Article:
Bertha took us up the coast to Buenos Aires, Rio and into the doldrums, where the starter died. For seven days and seven nights Reiner and I drifted, pouring rain shattering our shattered nerves. Bertha just sat there, anxious, ready to pop over. After dissecting, soldering, sanding, drying in the over, and otherwise using the sum total of our mechanical skills on the starter, we ended up just sitting there, collecting water, listening to all 60 gallons of fuel slosh. After 8 long days and nights the East wind slowly built to propel us to Barbados where sons Bill and Joe awaited with a new starter.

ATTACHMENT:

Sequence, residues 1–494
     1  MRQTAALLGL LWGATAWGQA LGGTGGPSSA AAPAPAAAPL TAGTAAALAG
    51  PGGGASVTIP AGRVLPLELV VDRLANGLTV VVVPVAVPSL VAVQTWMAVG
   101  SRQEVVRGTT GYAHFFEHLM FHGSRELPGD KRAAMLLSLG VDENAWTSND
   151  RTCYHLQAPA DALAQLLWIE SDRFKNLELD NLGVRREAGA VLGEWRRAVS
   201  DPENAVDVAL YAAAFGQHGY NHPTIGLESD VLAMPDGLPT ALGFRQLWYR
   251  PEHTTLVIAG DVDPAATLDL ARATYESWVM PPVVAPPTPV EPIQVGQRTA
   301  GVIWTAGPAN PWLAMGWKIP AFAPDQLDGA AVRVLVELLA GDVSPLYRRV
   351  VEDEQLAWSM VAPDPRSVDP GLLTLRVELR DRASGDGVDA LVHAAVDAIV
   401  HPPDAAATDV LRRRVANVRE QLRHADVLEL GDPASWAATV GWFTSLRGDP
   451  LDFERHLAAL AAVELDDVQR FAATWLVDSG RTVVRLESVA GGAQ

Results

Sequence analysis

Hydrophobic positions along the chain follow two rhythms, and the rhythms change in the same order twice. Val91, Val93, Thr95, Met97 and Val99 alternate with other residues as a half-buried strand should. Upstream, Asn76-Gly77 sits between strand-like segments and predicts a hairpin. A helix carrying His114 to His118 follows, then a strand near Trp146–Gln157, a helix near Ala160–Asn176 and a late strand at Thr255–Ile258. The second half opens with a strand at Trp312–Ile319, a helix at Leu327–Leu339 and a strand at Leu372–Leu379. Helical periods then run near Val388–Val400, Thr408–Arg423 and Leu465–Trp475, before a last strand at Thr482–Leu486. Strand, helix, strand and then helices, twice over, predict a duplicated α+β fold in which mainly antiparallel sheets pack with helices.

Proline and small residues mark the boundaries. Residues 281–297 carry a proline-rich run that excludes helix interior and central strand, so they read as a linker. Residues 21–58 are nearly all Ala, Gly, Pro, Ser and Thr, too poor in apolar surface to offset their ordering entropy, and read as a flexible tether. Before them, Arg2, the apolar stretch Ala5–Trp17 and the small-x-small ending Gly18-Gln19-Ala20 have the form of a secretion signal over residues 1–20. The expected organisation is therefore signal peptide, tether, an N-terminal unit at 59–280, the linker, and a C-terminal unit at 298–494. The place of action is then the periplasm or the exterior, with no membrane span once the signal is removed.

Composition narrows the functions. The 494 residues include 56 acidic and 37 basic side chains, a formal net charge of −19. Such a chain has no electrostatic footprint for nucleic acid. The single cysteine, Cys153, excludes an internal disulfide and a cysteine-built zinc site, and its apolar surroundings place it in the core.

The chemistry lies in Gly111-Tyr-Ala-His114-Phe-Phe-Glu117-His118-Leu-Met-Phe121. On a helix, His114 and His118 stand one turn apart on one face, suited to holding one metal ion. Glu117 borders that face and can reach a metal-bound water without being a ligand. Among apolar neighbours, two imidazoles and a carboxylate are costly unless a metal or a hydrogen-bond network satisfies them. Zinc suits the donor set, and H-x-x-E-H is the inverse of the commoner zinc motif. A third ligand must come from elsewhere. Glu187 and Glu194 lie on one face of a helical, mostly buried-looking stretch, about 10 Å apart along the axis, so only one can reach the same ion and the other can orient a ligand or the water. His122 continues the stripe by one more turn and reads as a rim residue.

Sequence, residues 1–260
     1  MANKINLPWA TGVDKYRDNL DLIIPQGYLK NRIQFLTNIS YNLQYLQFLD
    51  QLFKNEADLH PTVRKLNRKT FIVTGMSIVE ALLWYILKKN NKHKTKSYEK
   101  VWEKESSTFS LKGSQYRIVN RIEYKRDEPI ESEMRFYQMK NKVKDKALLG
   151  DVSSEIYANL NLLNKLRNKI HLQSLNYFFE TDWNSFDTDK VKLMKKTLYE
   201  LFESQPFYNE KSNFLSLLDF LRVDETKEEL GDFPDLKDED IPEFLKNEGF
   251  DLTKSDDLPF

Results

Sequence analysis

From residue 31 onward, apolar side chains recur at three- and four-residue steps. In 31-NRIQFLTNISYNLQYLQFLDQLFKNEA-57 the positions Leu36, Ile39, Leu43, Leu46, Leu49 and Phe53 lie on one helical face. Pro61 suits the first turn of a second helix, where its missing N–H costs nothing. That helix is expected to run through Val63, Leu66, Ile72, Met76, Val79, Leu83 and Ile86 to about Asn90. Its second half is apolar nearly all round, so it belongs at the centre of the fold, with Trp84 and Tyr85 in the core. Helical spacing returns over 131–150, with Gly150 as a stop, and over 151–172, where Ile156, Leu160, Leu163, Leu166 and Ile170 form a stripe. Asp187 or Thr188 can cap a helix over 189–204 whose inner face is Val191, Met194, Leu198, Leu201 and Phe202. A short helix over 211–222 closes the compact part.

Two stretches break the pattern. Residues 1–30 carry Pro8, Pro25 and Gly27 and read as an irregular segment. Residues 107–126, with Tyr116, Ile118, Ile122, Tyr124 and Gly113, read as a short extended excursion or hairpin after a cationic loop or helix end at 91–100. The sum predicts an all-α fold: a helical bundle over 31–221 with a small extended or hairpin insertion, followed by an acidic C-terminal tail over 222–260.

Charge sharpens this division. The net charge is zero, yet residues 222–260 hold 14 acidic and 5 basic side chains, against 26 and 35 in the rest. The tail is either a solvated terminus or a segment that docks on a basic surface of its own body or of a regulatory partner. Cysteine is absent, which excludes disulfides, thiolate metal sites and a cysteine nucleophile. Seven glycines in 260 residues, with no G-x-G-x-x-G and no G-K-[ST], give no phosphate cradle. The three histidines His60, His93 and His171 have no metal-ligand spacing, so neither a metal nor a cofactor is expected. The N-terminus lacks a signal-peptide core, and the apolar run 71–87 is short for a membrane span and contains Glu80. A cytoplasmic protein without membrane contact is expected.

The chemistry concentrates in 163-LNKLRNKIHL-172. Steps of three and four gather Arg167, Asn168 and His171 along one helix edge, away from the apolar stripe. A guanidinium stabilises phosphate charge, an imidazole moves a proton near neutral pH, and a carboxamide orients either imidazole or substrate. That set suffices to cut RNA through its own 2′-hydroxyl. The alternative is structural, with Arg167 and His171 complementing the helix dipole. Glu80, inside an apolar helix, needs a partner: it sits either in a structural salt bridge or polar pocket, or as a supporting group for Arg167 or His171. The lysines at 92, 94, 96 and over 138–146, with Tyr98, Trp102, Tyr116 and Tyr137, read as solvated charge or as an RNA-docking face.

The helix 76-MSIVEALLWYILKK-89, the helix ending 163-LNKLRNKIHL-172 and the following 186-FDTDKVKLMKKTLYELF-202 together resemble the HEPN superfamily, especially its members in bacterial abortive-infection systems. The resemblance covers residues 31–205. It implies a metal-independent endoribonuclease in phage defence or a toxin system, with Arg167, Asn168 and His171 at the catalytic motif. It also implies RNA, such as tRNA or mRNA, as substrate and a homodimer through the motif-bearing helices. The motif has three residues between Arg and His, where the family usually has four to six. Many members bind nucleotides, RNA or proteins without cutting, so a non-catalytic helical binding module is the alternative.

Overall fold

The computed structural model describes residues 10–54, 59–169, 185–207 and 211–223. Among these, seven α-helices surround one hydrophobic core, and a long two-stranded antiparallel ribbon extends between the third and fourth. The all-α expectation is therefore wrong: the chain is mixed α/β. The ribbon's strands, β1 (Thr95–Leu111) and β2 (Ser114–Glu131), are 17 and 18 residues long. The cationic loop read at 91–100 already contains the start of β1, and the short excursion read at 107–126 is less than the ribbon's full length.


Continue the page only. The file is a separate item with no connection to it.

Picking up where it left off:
1997 was Bertha's biggest test. With Chuck and Mike aboard, she helped us across the doldrums on the 26 day leg from San Juan to Horta. Ten days with in a full gale on the way to the English Channel got the starter wet which forced us to put into Weymouth, England. A few days later in Holland new crew reported aboard and when "New Chance’s" mast came down and was placed upon heavy brackets on deck, Bertha was all we had. She would have to take us the 4000 kilometers on her own to Istanbul. Going up the Rhine against a 4 knot current brought out Bertha's best. She loved it. When her transmission began to lose fluid we stopped at Rhine River fuel barges and bought oil by the 5 gallon pail. The Main and the Main-Donau Canal took us into the Danube, which for a change flowed at 4 to 6 knots with us. Lynz, Vienna and Budapest buzzed right by but just we were passing Bratislava in Slovakia I suddenly sobered up. What in the hell are you doing, Bill Butler. You are asking Bertha to take you 2000 kilometers to the Black Sea across Yugoslavia, Romania, Bulgaria where no one speaks English and much worse, have never heard of an engine remotely like Bertha. And with the current at 5 knots plus, forget about going back. You've really done it now. Bertha dies and we're stuck. We’ll have to pole down like Huck Finn. We're up the bloody river now! Yet, Bertha behaved like the queen she is. Never a whimper. The heavy load was off Bertha's back when we reached Agigae on the Black Sea where with the help of some new found Romanian friends, New Chance was once again converted into a sailing machine. We headed home to San Juan across the Black Sea, Dardanelles, Istambul, Greece, Malta and Sicily.